The religious painting “Ecce Homo” of Antonio Ciseri has a startling realism that comes in part from his sensitivity to light interactions.
Ciseri was born in Switzerland in 1821 and studied in at the Accademia di Belle Arti in Florence under Florence under Niccola Benvenuti.
Note the soft edges in the hand in shadow at (1). Crisp edges should be reserved for elements in full illumination. At (2), look at the warm reflected light on the arm of the figure in this grouping.
At (3), check out the contre-jour handling of Christ’s figure. The top and side planes of Christ’s figure are raised in value so that they almost blend with the sky—a device that James Bama used almost a century later on Bantam paperback covers.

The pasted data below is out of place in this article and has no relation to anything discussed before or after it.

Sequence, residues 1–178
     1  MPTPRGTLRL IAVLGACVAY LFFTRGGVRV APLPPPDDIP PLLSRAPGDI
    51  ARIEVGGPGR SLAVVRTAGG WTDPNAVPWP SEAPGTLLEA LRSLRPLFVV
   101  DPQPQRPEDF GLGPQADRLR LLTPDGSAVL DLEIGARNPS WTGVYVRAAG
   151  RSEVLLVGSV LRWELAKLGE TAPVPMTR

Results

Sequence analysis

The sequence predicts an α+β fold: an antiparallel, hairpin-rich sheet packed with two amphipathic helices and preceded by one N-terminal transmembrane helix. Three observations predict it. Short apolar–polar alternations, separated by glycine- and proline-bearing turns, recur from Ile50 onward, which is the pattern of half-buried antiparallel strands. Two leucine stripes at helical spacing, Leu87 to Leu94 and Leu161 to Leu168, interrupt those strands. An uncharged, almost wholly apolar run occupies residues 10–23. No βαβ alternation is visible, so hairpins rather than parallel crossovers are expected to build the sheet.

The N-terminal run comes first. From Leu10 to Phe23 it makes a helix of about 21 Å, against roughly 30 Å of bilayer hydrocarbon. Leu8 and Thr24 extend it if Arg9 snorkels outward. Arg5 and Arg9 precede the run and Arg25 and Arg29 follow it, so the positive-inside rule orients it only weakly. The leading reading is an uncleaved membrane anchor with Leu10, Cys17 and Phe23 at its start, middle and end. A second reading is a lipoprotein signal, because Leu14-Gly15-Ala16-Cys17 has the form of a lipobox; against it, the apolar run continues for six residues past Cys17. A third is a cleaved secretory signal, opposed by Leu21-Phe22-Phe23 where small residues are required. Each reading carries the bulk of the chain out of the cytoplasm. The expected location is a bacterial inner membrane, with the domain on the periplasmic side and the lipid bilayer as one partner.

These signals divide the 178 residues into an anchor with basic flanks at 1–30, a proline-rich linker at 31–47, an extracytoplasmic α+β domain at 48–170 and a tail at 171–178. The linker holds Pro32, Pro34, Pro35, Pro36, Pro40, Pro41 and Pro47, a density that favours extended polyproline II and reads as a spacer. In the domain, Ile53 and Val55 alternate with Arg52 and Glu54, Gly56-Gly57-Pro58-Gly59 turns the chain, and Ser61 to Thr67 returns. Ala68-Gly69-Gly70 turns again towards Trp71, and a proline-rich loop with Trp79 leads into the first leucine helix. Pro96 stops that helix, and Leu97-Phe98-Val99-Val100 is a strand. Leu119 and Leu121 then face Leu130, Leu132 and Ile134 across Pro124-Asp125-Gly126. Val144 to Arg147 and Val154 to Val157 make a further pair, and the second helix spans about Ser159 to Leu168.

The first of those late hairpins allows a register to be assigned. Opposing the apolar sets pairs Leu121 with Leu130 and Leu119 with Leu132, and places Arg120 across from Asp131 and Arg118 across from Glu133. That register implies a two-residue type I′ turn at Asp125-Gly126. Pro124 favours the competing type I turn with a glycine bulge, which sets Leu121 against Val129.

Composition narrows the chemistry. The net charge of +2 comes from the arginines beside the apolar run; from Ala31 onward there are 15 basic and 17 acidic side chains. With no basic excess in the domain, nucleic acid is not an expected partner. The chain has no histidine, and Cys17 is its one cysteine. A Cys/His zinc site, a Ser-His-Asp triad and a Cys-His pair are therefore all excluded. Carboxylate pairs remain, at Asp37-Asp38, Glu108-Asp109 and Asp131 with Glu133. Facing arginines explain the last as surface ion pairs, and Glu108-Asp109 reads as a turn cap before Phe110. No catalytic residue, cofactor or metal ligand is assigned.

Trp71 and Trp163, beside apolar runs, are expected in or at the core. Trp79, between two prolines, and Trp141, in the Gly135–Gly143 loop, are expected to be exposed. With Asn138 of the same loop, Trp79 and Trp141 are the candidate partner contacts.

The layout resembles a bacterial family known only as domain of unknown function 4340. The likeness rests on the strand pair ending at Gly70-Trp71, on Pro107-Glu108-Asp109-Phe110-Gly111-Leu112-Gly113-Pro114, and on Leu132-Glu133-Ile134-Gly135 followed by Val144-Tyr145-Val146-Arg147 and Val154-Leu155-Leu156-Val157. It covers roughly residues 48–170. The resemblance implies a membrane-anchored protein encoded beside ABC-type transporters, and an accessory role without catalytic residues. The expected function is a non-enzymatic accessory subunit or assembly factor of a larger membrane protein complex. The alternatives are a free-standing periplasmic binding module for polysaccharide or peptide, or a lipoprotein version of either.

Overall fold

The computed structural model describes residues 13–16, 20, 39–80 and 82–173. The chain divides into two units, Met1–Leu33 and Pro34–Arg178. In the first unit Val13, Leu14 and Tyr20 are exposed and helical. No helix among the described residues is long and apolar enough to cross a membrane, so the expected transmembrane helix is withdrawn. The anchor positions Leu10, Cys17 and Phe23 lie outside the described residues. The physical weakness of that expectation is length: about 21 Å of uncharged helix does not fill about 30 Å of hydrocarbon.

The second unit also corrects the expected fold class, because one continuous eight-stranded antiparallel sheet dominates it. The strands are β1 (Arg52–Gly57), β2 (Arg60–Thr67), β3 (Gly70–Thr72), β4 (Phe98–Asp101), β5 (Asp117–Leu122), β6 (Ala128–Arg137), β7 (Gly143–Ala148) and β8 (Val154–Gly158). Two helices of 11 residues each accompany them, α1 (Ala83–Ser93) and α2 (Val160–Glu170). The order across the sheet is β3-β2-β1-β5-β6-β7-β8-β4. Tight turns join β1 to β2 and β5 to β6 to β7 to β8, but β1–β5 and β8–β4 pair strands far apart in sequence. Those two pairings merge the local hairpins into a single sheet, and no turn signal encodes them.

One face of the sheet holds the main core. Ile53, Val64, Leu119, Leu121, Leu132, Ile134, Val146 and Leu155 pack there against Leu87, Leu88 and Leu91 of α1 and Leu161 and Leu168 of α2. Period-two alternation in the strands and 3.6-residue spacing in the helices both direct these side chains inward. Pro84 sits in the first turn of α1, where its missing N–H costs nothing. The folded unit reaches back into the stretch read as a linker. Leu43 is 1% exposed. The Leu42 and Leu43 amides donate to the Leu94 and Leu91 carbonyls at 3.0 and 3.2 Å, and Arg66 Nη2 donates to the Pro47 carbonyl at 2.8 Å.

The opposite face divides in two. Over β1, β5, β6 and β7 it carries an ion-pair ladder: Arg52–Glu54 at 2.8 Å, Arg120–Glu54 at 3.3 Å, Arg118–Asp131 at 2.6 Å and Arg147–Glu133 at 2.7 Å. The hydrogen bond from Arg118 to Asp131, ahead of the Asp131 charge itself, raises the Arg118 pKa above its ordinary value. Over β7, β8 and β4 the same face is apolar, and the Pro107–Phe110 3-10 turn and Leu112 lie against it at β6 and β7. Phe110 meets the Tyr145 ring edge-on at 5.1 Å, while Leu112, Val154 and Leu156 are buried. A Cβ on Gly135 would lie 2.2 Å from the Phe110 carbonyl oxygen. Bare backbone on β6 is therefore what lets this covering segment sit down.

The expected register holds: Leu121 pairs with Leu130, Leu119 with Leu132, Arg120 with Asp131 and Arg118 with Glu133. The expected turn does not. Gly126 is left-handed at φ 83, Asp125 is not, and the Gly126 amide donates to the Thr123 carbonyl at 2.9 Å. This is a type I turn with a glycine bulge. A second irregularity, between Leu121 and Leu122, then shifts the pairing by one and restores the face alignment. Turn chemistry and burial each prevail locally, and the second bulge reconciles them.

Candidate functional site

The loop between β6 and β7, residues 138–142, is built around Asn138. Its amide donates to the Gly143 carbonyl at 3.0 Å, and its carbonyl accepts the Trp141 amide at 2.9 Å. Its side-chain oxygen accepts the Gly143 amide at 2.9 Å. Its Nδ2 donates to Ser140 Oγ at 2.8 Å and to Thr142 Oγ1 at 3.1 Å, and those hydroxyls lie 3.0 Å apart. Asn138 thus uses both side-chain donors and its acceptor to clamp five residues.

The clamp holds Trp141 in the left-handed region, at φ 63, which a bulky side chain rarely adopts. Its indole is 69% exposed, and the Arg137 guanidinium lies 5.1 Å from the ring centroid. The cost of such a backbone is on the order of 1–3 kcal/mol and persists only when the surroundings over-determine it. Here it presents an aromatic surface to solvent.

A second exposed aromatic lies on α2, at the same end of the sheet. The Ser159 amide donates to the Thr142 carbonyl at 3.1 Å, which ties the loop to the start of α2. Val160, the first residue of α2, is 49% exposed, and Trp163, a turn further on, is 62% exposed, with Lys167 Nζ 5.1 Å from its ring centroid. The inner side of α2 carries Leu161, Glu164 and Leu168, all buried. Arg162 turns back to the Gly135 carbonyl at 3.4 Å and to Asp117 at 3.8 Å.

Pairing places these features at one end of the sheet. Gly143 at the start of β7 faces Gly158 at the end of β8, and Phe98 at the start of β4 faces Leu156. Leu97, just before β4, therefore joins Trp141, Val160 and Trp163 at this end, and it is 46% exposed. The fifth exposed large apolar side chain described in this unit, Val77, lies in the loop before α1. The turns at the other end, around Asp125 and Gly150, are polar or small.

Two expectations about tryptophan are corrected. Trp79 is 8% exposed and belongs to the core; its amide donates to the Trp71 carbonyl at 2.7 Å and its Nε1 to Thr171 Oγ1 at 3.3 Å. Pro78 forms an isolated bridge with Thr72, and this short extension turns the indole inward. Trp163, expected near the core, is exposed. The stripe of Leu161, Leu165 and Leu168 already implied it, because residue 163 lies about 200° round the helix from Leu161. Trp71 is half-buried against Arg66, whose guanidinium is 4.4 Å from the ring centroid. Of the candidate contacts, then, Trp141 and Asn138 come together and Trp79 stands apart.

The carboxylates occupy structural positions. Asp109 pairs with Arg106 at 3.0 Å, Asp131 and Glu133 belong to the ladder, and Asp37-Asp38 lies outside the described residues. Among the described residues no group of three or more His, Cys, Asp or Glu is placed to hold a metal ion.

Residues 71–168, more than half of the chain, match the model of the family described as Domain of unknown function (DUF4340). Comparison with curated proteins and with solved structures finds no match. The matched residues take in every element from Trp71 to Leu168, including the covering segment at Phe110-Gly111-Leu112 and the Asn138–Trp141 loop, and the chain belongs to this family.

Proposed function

Pilate’s draped figure is rendered with extreme attention to transmitted light through various layers of fabric. This might have been aided by photography (the painting is from 1880, when many artists were using photographs).
But I would bet he also did charcoal studies of the nude model first and that he also set up a draped lay figure in a doorway. I’ll talk about lay figures on a future post.
Wikipedia on Antonio Ciseri
Ciseri on Art Renewal
Previous GJ Posts on transmitted light, contre-jour lighting, and reflected light (croquet balls).